Myeloma is a type of cancer that affects the plasma cells in the bone marrow. As the cancer progresses, your body is not able to produce normal blood cells and your bone marrow begins to fill up with cancerous plasma cells.
This can lead to anemia, bleeding problems and infections, as well as bone and kidney damage. The disease is, however, manageable with a combination of chemotherapy and other treatments, which can ease the symptoms and prolong survival for a number of years.
How does bone marrow cancer work?
Myeloma appears to be as a result of one plasma cell in the bone marrow becoming cancerous. That one cell then multiplies, often without any kind of means of control, and collects in the bone marrow.
Diagnosis typically comes as a result of varying tests, including a blood or urine test, a bone marrow sample and an x-ray of the bones.
Myeloma can have a number of different effects, the most prominent of which is the damage caused to the bone by the increasing number of cancerous cells. This can cause pain, fractures, nerve compression and high levels of calcium in the blood.
The cancer can also cause bone marrow failure, which can then lead to a decreased number of blood cells, blood clotting problems and serious infection, as the abnormal cells only produce one type of antibody, which does not protect against infection.
Myeloma can also put strain on the kidneys because of the increased calcium levels in the blood. It can also thicken the blood in very rare cases, due to the high levels of paraprotein.
What is donating bone marrow or stem cells all about?
The first thing that’s important to understand about bone marrow/stem cell donation is that the cells completely regenerate. The second is that there are many myths surrounding the process.
Commonly, the stem cells are collected from the blood instead of the bone marrow itself. Bone marrow is mostly directly collected in the case of sick children, who respond better to bone marrow cells than stem cells. Both procedures are painless (the bone marrow cell collection is done under anesthesia) and the after-effects can involve muscle pain and aches for a few days, but nothing more than that.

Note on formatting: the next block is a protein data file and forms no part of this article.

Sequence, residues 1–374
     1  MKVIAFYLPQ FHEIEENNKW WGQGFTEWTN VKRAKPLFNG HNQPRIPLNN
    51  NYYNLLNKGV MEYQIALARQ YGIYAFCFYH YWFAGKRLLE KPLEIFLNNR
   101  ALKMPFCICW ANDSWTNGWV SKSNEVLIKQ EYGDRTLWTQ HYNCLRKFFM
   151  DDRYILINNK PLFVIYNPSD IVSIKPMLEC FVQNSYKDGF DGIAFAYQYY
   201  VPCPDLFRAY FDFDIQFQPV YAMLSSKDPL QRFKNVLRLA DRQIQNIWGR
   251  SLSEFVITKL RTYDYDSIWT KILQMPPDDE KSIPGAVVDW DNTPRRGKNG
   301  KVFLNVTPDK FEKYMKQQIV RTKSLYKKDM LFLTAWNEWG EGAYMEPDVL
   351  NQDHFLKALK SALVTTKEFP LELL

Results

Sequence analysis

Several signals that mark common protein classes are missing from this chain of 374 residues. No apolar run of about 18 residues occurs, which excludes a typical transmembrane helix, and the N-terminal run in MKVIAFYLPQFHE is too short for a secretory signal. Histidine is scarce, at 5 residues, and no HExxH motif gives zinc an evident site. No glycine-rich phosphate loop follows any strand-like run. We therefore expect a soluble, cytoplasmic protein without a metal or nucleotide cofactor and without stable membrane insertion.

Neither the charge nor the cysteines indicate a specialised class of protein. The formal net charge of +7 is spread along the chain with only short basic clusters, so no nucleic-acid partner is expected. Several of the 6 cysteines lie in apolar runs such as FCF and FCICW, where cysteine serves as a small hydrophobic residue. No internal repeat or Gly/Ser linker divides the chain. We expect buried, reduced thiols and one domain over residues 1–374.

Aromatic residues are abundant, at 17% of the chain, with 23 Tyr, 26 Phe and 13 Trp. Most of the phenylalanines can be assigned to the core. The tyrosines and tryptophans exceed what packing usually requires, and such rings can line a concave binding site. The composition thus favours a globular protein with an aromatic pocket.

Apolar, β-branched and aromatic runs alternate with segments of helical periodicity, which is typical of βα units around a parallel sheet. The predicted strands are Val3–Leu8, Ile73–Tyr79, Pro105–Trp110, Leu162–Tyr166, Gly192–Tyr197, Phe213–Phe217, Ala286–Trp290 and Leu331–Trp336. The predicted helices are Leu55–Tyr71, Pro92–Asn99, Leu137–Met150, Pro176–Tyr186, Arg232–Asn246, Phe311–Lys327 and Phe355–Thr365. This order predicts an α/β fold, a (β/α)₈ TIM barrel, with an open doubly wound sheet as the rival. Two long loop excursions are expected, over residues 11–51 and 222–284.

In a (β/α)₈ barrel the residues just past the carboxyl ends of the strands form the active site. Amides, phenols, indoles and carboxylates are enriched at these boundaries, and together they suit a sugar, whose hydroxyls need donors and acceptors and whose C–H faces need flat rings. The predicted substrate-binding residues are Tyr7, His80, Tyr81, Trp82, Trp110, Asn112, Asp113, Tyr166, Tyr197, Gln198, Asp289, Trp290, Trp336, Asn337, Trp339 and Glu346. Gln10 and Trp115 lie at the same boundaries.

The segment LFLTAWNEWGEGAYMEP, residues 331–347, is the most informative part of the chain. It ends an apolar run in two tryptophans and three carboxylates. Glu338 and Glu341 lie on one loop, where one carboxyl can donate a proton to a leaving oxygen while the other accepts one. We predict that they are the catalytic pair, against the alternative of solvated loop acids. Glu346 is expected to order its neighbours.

There are many myths about the importance of bone marrow/stem cell donation. For one thing, it is critically important — of the 6000 people in the US currently searching for a match, only 30% will find one in time. The rest will die. Not only that, but there is a desperate need for ethnic marrow/cells. The reality is that 40% of ethnic minority parents will find a match for their sick child, while the figure is 80% for caucasian parents.
Donations are desperately needed and considering that many of the myths around them are just that, myths, you should not be discouraged from wanting to help.
Where and how can I donate?
The Sunflower Fund is a South African organisation that educates and recruits donors. It raises the funds required to grow a diverse registry of healthy, committed donors.
You can register as a donor by calling 0800 12 10 82, and you will be given eligibility criteria and more information about the donation process. Remember: the eligibility criteria are different from donating blood, so don’t hesitate to find out more.
You can also visit the fund’s website for more information.
The Sunflower Fund strives to recruit 400 000 donors representative of all ethnic groups, offering more hope to those patients who are searching for suitable matches.
Kenny, T., & Tidy, C. (n.d.). Myeloma. (H. Gronow, Editor) Retrieved 10 24, 2016, from Patient: http://patient.info/health/myeloma-leaflet
Marrow Drives. (2016, 10 24). Myths about Marrow/Stem Cell Donation. Retrieved from marrowdrives.org: http://marrowdrives.org/bone_marrow_donor_myths_faqs.html
NHS Choices. (n.d.). Bone marrow donation – How it is performed . Retrieved 10 24, 2016, from NHS Choices: http://www.nhs.uk/Conditions/Bone-marrow-donation/Pages/How-is-it-performed.aspx#
SABMR – South African Bone Marrow Registry. (n.d.). Frequently Asked Questions – How are stem cells donated. Retrieved 10 24, 2016, from South African Bone Marrow Registry: http://www.sabmr.co.za/frequently-asked-questions/
SANBR – South African Bone Marrow Registry. (n.d.). Become a Donor. Retrieved 10 24, 2016, from South African Bone Marrow Registry: http://www.sabmr.co.za/become-a-donor/